Saturday, February 14, 2009

Seeing the Light

A neighbor told me she was having great health calamities that seemed to emanate out of her brain, and after being scheduled for the MRIs and CATscans, she mentioned Vitamin D deficiency as a possible suspect, which I happened to note, has overlapping similarities to Seasonal Affective Disorder (SAD), and fibromyalgia (autoimmune diseases), and so it struck me that despite being lactose-intolerant, I don’t have the symptoms or concerns of Vitamin D deficiency, SAD, FMS, and innumerable dysfunctions as I frequently do, and even my main concern of late seemed to have corrected itself, and the reading of this blog , seemed to be deja vu of my reading of the fibromyalgia blog, on learning that a doctor had claimed that his “guaifenesin protocol” cured that condition.

In short, just as guaifenesin (the active ingredient in (Robi)tussin) seemed to work wonderfully and reliably at liquefying the mucous so one could breathe comfortably and cough out clotted mucous from the lungs during a cold, flu or other respiratory episodes, that liquefying of the mucous occurred throughout the body, and so as the body’s main medium and lubricant, it was logical that a lot of functions would be impaired in every cell, tissue and organ in the body -- with some being more notable and problematical than others.

I went on to observe that that seemed to be a familiar aspect of aging and all deteriorative conditions noted through literature and medicine -- a condition called “phlegmatic,” or lifeless/unresponsive.

Medical people don’t like such panaceas, or universal explanations as to why things can go wrong universally -- because the specialists orientation, is their belief that each thing is totally unrelated to any and every other.

But there’s also a very modern understanding of cause and behavior which identifies the “critical path” -- that if things go wrong there, nothing else can go right subsequently, and so the hundred things that go wrong, are really only one thing that needs to be solved for every other thing to be right.

Vitamin D deficiency seems to be another one of these “critical paths,” much as I found guaifenesin to be a few years before. But even prior to that, I noted living in the Pacific Northwest that I was particularly susceptible to Seasonal Affective Disorder (SAD), which I noted, was cured by my purchasing a season’s pass for the tanning booths during the winter months -- and in all seasons, felt a need to get a fair amount of exposure to maintain my well-being.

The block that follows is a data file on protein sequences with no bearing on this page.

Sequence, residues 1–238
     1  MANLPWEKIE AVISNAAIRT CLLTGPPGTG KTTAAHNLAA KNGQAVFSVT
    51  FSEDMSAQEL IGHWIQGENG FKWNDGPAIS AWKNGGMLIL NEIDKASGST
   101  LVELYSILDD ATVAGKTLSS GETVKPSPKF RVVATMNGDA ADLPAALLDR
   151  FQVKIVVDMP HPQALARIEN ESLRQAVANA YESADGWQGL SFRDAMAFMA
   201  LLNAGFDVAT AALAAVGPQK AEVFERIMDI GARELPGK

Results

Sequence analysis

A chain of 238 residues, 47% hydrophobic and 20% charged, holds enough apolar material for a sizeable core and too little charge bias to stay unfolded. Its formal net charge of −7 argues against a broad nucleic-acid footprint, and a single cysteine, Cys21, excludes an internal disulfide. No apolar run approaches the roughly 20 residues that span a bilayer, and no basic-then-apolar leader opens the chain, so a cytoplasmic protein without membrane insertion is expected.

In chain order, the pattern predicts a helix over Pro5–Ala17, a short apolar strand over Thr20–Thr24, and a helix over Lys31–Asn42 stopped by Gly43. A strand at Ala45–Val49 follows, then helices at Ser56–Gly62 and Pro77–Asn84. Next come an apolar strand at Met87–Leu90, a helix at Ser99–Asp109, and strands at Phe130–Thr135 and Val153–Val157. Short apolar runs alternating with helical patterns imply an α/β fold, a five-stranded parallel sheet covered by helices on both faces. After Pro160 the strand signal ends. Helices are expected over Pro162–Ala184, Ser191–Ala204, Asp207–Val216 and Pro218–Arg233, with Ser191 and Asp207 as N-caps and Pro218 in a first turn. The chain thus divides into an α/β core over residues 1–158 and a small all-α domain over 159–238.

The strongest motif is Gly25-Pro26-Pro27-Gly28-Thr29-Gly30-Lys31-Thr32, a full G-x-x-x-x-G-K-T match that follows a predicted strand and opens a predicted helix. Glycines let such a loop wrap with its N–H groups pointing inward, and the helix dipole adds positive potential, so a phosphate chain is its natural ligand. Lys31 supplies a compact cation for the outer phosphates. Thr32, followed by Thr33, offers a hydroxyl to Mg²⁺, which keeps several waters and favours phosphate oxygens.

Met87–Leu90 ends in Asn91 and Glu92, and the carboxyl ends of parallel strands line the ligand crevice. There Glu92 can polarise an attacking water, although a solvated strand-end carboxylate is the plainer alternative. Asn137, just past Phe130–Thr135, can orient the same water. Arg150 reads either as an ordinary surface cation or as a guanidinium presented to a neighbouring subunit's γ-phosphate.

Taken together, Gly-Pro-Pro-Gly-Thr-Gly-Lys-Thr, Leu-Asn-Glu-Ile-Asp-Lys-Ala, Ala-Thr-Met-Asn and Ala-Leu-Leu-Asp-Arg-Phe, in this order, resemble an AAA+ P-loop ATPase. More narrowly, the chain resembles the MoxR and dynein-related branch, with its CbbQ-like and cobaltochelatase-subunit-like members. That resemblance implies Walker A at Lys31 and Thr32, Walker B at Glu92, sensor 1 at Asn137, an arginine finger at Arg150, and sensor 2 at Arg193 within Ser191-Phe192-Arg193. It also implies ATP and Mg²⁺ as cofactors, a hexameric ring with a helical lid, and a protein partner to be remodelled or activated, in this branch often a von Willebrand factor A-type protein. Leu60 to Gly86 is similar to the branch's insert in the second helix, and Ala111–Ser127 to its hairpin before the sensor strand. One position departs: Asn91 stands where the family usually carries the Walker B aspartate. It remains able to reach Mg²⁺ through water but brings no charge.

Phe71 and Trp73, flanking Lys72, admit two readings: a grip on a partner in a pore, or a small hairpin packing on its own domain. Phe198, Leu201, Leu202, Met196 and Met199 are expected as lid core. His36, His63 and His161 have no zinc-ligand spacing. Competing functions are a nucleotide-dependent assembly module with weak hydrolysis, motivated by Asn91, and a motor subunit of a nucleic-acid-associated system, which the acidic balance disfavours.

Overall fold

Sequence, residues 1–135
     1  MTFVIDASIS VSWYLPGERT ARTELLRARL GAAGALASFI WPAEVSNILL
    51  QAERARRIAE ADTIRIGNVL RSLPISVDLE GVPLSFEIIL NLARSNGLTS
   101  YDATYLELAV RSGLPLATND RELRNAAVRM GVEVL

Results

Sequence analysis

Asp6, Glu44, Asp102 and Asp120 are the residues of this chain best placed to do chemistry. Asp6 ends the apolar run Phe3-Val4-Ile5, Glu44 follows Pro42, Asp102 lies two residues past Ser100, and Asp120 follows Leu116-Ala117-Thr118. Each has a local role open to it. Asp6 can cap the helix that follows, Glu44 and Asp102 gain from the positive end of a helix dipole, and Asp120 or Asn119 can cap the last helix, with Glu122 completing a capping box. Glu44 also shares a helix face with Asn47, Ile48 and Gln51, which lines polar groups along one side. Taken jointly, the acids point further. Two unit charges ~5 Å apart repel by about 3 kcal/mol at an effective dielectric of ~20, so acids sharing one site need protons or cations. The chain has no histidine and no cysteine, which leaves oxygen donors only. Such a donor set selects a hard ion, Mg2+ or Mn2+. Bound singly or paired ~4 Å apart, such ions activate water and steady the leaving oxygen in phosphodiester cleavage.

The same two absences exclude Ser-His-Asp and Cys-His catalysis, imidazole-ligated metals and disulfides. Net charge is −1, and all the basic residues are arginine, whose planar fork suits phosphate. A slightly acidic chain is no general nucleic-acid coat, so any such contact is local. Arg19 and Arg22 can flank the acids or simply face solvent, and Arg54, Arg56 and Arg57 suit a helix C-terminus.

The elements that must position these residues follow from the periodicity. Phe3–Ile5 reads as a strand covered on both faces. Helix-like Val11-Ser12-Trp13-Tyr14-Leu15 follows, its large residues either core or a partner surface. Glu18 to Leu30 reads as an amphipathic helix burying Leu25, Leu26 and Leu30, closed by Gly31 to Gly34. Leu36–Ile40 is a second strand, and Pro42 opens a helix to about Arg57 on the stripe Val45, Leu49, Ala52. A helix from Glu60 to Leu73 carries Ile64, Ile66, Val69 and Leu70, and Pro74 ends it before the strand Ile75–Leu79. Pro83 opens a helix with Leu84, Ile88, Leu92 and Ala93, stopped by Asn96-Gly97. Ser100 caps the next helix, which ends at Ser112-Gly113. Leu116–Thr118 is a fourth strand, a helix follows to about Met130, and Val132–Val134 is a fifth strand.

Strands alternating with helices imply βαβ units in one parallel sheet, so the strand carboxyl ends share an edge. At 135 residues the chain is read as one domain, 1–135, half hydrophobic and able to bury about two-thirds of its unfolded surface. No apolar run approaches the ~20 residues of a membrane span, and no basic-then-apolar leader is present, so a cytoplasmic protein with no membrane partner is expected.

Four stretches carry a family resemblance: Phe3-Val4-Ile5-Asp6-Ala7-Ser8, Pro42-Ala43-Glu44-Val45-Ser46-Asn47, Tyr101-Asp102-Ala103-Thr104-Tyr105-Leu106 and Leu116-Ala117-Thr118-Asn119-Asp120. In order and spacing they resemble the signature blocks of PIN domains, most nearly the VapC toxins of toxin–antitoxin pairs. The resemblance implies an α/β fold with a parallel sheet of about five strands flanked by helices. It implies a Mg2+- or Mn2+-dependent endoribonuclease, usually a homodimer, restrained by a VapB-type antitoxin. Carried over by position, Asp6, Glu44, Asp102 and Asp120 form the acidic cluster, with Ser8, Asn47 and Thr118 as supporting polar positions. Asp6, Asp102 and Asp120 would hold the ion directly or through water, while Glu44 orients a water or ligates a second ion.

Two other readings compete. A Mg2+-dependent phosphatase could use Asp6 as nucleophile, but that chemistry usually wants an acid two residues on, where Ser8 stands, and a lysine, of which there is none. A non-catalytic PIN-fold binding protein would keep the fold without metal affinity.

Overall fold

However, this year, because of the economy and a move back to the Pacific Northwest after ten years in Hawaii, I wondered if I would have to take up another tanning pass because one of the great bargains I discovered was that full spectrum compact fluorescent bulbs could be purchased at the same price as the standard ones many find to be substandard about conventional fluorescent lighting,

There is a huge difference between low-spectrum (soft-white) and full-spectrum (daylight) bulbs): the former illuminates at 2400K while full spectrum is 5000-6500K, and at the 100 watt equivalent of only 23 watts, seems to have a demonstrable therapeutic effect -- and particularly because I replaced all the bulbs, and keep them on all the time, which has the effect of transforming my entire living area, into a quasi-tanning booth or light therapy unit, and so haven’t felt the need to use a tanning booth.

but the thing that had me perplexed as of late was that my need for reading glasses (aging eyes) had disappeared, and I wondered which of the nutraceuticals I had been taking had that effect on me -- until my neighbor broached the subject of her Vitamin D deficiency and I hastily replied, that the most effective means of deriving this vitamin seems to be in high intensity (at least 23 watts) of full spectrum (daylight) compact fluorescent that Walgreens sells cheaper than anybody else at 3 for $9.

And so unlike everybody else around me being susceptible to all kinds of afflictions in this year’s particularly light deficient season, relative to everybody else, I seem to have resisted the depression quite well and have improved.


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